CDN stands for a network platform composed of distributed node servers located in different regions. It provides users with dispersed storage and high-speed caching of content. Based on network dynamics, traffic, and load conditions, CDN distributes content to fast and stable cache servers, enhancing the accessibility and availability of content and services for users by improving response speeds. (E.g., web accelerators)

(3) B14: Internet Service Providers (ISP)

ISP refers to providing various types of users with Internet access services by establishing business nodes with access servers and corresponding software/hardware resources and connecting the nodes to the Internet backbone network via public communication infrastructure. Users can connect to their business nodes using public communication networks or other access methods and access the Internet through these nodes. (E.g., broadband service providers)

(4) B21: Online Data and Transaction Processing Services

Online data processing and transaction processing services refer to providing users with online services, including transaction, electronic data exchange, and network/electronic equipment data processing, through application platforms connected to public communication networks or the Internet. (E.g., e-commerce platforms, IoT platform service providers)

(5) B25: Information Services – Information publishing and delivery services

Information publishing and delivery services refer to establishing information platforms to enable entities or individual users to publish text, images, audio and video, and application software. Platform providers can deliver and distribute this content to the terminals or email addresses designated by the users. The Circular excludes internet news information, online publishing, online audio-visual, and internet cultural operations from the opening-up regime. (E.g., e-commerce platforms, healthcare information platforms)

(6) B25: Information Service – Information protection and processing services

Information protection and processing services refer to providing users with services such as terminal virus scanning and removal, terminal information content protection and processing, and interception of spam messages and unwanted calls through public communication networks or the Internet by establishing public service platforms and the operation of client software running on computers, smart terminals, and other devices. (E.g., data service providers)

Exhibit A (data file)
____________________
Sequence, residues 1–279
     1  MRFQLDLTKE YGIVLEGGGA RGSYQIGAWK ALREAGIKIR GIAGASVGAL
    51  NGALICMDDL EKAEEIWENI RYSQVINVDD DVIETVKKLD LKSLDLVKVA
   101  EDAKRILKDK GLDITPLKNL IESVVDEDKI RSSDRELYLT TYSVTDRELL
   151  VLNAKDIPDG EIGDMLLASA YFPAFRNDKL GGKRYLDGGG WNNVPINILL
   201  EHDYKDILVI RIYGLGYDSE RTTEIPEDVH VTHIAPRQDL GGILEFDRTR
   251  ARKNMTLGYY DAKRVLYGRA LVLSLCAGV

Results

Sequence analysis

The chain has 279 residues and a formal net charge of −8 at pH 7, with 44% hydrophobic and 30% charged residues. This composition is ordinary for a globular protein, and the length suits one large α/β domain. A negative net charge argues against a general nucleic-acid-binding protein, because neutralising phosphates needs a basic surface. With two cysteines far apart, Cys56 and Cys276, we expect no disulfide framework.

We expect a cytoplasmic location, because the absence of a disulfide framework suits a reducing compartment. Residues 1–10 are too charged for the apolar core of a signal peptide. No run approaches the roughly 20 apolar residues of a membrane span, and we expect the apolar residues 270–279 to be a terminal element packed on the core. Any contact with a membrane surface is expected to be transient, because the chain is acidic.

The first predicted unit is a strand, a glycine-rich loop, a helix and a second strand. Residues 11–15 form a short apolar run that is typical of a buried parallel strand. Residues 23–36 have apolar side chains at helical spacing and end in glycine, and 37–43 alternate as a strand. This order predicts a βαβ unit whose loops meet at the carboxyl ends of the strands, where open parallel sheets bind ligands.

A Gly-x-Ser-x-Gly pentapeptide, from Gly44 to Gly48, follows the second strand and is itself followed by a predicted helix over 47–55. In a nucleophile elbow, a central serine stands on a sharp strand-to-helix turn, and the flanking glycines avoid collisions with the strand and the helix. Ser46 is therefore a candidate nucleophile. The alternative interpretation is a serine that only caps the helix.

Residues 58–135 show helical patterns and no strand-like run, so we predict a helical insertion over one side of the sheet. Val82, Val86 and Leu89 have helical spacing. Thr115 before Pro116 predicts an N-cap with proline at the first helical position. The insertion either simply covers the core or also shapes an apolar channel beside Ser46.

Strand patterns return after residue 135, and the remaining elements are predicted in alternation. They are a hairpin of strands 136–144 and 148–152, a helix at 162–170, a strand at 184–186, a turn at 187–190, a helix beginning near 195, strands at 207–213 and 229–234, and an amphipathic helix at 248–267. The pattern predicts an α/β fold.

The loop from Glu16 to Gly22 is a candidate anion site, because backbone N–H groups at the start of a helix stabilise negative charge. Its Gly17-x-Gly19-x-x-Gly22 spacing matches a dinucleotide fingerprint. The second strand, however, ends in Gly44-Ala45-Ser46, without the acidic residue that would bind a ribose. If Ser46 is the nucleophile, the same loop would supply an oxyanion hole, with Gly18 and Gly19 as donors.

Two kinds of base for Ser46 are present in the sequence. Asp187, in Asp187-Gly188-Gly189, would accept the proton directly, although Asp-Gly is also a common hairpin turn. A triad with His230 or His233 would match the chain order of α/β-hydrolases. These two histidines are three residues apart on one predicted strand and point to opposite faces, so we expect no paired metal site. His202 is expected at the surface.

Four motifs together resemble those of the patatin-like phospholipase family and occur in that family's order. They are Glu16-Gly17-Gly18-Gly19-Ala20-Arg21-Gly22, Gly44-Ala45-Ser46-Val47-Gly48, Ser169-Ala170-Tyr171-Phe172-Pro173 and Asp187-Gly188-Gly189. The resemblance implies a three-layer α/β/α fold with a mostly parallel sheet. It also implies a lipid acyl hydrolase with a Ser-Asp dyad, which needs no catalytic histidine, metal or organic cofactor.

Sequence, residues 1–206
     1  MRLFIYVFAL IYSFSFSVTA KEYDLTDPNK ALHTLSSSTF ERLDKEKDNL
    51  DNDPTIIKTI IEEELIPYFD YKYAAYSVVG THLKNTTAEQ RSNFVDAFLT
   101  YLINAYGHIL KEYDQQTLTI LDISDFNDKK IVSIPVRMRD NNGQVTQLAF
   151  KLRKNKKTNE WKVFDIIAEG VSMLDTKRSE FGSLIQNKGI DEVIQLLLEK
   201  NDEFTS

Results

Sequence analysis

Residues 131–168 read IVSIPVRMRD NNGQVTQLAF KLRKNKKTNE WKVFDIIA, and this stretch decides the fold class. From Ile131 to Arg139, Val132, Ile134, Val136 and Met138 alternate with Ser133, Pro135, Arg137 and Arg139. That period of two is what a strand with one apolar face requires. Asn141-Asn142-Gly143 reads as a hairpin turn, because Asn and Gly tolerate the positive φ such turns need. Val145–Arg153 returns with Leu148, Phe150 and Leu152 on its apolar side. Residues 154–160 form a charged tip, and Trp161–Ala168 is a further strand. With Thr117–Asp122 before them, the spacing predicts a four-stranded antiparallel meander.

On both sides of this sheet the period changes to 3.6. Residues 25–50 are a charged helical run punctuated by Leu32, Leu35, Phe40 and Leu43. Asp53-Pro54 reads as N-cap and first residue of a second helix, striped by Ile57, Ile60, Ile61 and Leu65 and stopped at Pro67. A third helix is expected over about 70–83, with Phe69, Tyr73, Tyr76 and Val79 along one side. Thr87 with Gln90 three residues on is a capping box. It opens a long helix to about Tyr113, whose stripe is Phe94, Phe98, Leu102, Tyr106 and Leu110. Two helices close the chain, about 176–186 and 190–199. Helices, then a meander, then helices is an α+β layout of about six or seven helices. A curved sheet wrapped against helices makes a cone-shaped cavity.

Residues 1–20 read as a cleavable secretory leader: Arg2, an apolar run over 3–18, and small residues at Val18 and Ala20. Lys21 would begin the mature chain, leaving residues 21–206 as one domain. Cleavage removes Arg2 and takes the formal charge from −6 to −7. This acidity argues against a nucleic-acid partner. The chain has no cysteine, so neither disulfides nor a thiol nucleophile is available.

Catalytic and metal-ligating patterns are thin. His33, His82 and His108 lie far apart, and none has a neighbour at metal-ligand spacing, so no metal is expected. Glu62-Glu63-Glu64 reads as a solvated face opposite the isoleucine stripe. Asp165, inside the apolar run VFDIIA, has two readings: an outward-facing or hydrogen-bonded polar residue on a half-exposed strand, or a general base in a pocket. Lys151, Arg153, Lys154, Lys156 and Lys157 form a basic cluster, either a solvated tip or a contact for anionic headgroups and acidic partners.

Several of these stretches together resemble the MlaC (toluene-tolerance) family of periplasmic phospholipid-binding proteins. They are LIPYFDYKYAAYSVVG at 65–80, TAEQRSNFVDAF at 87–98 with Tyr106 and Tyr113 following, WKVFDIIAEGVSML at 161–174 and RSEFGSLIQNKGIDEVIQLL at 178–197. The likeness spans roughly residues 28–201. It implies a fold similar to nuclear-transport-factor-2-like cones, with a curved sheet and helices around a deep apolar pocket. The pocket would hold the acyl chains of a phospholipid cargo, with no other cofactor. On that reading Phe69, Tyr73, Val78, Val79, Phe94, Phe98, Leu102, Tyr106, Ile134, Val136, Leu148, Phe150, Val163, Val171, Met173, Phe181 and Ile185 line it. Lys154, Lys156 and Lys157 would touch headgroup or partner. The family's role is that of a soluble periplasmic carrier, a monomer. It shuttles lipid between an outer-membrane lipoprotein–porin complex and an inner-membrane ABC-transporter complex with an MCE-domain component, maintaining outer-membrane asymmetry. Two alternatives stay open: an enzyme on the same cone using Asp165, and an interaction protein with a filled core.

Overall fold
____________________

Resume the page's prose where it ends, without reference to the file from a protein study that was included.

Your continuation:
C. Equal Regulatory Requirements for Foreign and Chinese VAT Service Investors

Foreign investors are required to obtain approval for their telecoms business operations in pilot areas. They must also comply with the laws and regulations of the approvals and cooperate with the supervision and management of telecoms regulatory authorities. Additionally, in the pilot areas, regulatory authorities will follow the principle of treating domestic and foreign investments equally. It means that while foreign-invested telecoms enterprises in the 6 sectors in pilot areas are no longer subject to shareholding restrictions, they must still comply with China's general regulations for telecoms services, including requirements on capital, premises, personnel, and investors, and obtain the necessary licenses.

D. Detailed Implementation Plans Yet to be Finalised

The local governments of the four pilot areas are responsible for the detailed implementation plans and rules based on the Pilot Programme for Expanding the Opening-up of Value-Added Telecommunications Services (attached to the Circular). These implementation plans are yet to be finalised by the local governments and the MIIT will assess and decide whether to approve the plans. Once finalised, this will provide foreign investors with greater clarity to make more informed decisions around potential investment opportunities.  In addition to the MIIT, local telecoms administrations and local governments of the pilot areas will also have regulatory powers under the pilot implementation plan.

The local telecoms administrations are responsible for supervising pilot enterprises to ensure standardised operations, overseeing service quality management, establishing information-reporting and regular inspection mechanisms, strengthening network and data security supervision, and urging enterprises to fulfil their security responsibilities effectively.

The local governments in the pilot areas will set up mechanisms for sharing information and fostering cooperation among regulatory and enforcement authorities. They will provide support in terms of personnel, funding, and other resources to help the local communications administration enhance its regulatory talent team, upgrade its internet information security management systems, and establish internet regulatory information systems to support the pilot program.

E. Potential Termination of the Pilot Program enabled by the Exit Mechanism

Whilst the Circular outlines an exit mechanism for the pilot areas, the detail of the mechanism is not yet clear. In cases where there are frequent violations of laws and regulations, concentrated risks, or challenges in ensuring adequate safety supervision, MIIT may consider scaling back the scope of the pilot area. If the issues in the pilot areas become severe, the pilot program may be terminated prematurely. The local government would then coordinate with affected companies to uphold consumers' legal rights and interests and manage post-termination affairs.’

Conclusion

The MIIT Circular sends a strong signal of opening up to foreign telecom service providers. Currently, China's cloud computing market is experiencing rapid growth, reaching 602 billion yuan in 2023, with a 32.3% year-on-year increase, surpassing the global growth rate by 12%. The removal of foreign ownership restrictions allows foreign investors to establish VAT facilities independently, simplifying the corporate structure required. This change is expected to attract more foreign investment, particularly in those key hubs for foreign companies in China. As well as boost service quality and, if effective, potentially lead the way for further opening up of foreign investment in the sector.